I don’t have a lot of time for video games these days. Recently, I made it a point to make some time so I could play something with my good friend Rob Evans. I picked up Tom Clancy’s The Division specifically for that purpose.
Rob is one of my best friends in the world. One of the worst parts of moving from Evansville, IN back to upstate NY was having to move away from him. We went from living right around the street corner from each other to about 700 miles away. That sucked, and still does. We played a lot of video games together, spent a lot of nights at Show-Me’s (Hooters rip-off) in Evansville, got rejected by females together (and often). They were great times.
Our only interaction these days, unfortunately, is through the PlayStation Network. I was excited for The Division, because it is designed for team co-op play, and I knew Rob and I would have a blast playing it. Over the past month, 99% of any video game time I have had has been playing that game with Rob.
I’m what some people would call an “achievement (or trophy) whore” when it comes to gaming. Gamerscore/rank is just as meaningless in life as likes on Facebook, but I still enjoy the sense of accomplishment. I want to conquer the feats placed in front of me when I see a list of trophies in a game. I feel like I’m being challenged to do something. When the notification for an achievement pops on Xbox or a trophy dings on PlayStation, I feel like I succeeded in something. (Please, let me wallow in my false sense of pride.)
As the hours passed while playing The Division, I realized that Rob and myself had a good chance at nailing down the platinum trophy on PS4. The only way to get a platinum is to unlock every single trophy in the game as it signifies that you mastered everything the developers put in front of you. I made it a mission for us to get the platinum for this game together.
Heading into yesterday, Rob and I were only one trophy away from making this a reality. The only thing we had to do was beat a level on challenging difficulty. This difficulty is designed for a good squad of four players, and Rob and myself have been unable to conquer it as a duo.
Sunday morning, Rob’s friend Dana joined us to see if we could beat it as a team of three. It took a while, but we finally developed a good strategy and started making progress through the level. It was definitely easier having her as a third member. After a few hours, we hit a roadblock that wasn’t going to be easy to pass. At this point in the level, we were boxed in with enemies charging us at an alarming rate, while also having to protect a computer character from being killed. There were a few times we almost had it. Frustratingly, we tried over and over using different tactics to see if we could fight our way out of this section and go on to beat the mission.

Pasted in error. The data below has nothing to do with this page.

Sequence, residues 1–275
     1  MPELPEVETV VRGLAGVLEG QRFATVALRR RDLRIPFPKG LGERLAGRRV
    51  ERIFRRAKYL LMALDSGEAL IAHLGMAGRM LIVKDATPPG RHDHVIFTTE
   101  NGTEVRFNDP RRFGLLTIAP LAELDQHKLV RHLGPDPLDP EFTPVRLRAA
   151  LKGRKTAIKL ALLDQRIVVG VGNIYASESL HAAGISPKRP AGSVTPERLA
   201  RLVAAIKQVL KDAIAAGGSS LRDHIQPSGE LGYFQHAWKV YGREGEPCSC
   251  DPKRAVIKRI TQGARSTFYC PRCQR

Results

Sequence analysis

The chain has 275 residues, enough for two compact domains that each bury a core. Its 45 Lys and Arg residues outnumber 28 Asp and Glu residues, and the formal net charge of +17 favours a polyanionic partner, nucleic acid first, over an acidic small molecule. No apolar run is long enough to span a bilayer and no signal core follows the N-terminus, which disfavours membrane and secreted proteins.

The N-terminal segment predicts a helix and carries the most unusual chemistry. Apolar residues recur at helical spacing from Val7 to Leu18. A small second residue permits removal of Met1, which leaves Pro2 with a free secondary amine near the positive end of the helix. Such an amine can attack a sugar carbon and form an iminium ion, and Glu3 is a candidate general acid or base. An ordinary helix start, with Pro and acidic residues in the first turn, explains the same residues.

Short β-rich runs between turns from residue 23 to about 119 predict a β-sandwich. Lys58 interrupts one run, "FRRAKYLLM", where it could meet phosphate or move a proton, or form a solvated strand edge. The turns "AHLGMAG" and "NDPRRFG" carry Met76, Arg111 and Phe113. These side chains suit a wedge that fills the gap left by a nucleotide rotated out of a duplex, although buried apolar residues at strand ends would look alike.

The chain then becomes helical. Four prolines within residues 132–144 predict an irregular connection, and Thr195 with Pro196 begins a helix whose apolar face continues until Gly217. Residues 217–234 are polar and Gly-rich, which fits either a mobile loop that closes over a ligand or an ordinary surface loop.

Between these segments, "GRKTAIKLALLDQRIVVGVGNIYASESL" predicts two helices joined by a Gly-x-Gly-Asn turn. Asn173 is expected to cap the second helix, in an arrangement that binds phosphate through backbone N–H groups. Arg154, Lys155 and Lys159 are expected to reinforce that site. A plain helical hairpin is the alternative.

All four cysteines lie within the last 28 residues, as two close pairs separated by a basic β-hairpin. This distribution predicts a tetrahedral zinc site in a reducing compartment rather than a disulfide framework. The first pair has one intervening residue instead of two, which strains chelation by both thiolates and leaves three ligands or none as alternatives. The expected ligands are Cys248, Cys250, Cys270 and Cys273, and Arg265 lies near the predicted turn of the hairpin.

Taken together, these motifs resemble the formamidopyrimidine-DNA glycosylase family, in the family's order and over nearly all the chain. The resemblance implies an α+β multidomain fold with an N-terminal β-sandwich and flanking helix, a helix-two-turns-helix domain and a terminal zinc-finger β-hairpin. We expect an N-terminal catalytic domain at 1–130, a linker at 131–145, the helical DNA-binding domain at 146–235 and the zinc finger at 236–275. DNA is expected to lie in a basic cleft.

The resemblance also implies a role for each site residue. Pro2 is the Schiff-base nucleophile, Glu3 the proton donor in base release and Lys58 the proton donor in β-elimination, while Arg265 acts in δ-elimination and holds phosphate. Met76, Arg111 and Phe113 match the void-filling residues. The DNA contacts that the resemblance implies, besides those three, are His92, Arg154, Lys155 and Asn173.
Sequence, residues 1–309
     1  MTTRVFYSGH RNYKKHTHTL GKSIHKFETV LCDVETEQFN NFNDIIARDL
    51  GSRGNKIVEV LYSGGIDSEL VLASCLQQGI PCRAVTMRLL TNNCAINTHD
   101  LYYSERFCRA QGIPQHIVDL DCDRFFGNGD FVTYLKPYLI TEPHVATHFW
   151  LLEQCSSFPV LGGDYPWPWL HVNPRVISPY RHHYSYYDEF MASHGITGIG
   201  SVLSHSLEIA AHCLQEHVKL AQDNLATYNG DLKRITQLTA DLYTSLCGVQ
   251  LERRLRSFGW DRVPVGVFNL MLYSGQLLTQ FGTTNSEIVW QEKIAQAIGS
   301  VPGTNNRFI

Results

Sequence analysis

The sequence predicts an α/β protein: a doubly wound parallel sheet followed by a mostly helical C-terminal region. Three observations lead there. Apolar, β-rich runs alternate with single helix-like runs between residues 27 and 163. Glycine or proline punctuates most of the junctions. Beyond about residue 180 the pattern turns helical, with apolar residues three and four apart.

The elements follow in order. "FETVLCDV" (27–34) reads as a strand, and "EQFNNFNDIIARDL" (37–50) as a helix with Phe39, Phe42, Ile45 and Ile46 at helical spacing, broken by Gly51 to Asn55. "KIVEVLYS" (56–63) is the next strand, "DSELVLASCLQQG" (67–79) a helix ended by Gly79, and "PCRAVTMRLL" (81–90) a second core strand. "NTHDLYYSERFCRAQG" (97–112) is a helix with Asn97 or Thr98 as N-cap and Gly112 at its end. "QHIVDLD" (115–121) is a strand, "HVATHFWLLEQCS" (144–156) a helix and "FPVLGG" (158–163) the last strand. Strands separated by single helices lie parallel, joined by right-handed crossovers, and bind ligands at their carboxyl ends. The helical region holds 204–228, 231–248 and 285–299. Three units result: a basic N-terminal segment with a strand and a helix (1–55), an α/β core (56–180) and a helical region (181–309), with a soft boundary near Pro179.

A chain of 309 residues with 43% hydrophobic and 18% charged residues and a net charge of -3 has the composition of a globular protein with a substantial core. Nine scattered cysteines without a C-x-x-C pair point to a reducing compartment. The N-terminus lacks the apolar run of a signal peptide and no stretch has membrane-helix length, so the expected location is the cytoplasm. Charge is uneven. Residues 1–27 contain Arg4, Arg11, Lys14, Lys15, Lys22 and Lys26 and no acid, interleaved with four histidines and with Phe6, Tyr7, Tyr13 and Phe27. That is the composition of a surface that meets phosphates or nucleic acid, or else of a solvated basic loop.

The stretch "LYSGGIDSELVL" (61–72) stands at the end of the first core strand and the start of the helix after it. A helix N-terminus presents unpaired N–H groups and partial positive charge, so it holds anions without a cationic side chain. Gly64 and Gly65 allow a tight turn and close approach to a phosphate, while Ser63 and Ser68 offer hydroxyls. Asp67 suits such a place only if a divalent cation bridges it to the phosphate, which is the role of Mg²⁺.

After about four hours, Rob had to leave. There is no way to save the mission from our progress point. This meant the four hours we spent getting to this point were now wasted. We had failed. We were going to have to try again another day.
Later in the evening, Rob sent me a text asking if I wanted to play some of the other daily missions for the day. After wasting four frustrating hours on this game already, I was in no mood to play. Now, when Rob asks if I want to play the daily missions, this always means the hard difficulty. When we decide to make an attempt on the challenging difficulty we plan for it, like we did earlier in the day with Dana.
At about 1:30 this morning, while watching one of my Doctor Who blu-ray sets on my PS4, a message pops up on my television from Rob. It was a screenshot that felt like a back-tap to the genitals. Rob had beaten the challenging difficulty and earned the platinum trophy without me.
Not only did he get this without me, he then sends me a screen shot to rub it in. Keep in mind that this is one of my best friends. I baptized him. I helped deliver two of his children. I helped father one of them. I’ve agreed to be the best man in two of his next three weddings. I faked a calf injury when we climbed Mt. Everest just so he could reach the top first. After all of that, I get this absolute betrayal.
So now as I sit at 98% completion while Rob flaunts his 100%, I realize I was played. Instead of achieving this goal together as we set out, Rob recruited a bunch of strangers to help him nail down that platinum trophy. He will now use this accomplishment to catapult him into stardom, locking down exclusive endorsement deals and riding a new path towards the video game hall of fame while I flounder in mediocrity. Rob will be in commercials, and I’ll be at video game conventions in a dusty warehouse teaching the Konami Code to uninterested kids. It was all business and career goals for him. I wasn’t a teammate, I was a vehicle that he drove until the engine overheated and then was abandoned on the side of the road. He’s Shawn Michaels and I’m Marty Jannetty.
I may never get that platinum trophy now. Rob caught a plane to Los Angeles this morning to be in a magazine spread with PewDiePie, so I know I won’t receive his help to lock down this platinum for myself. I could recruit a bunch of strangers in matchmaking to help me, but then I would be no different than him. I won’t use others for personal gain.
This morning, I found out that Dana wasn’t even real. She was just some actress that Rob hired to lure me in with her sexy voice as he schemed his way towards the platinum. Rob’s son was playing her character in the game while she talked on the headset.
I hope my story helps others avoid the same pit I fell into. Be wary of your close friends, especially if you met them at Gamestop. Most likely your best buddy, your girlfriend, your children, are just working you day in and day out until they have that opportunity to pounce and secure their way into video game stardom.
Follow Jeff on Twitter: @JeffLane22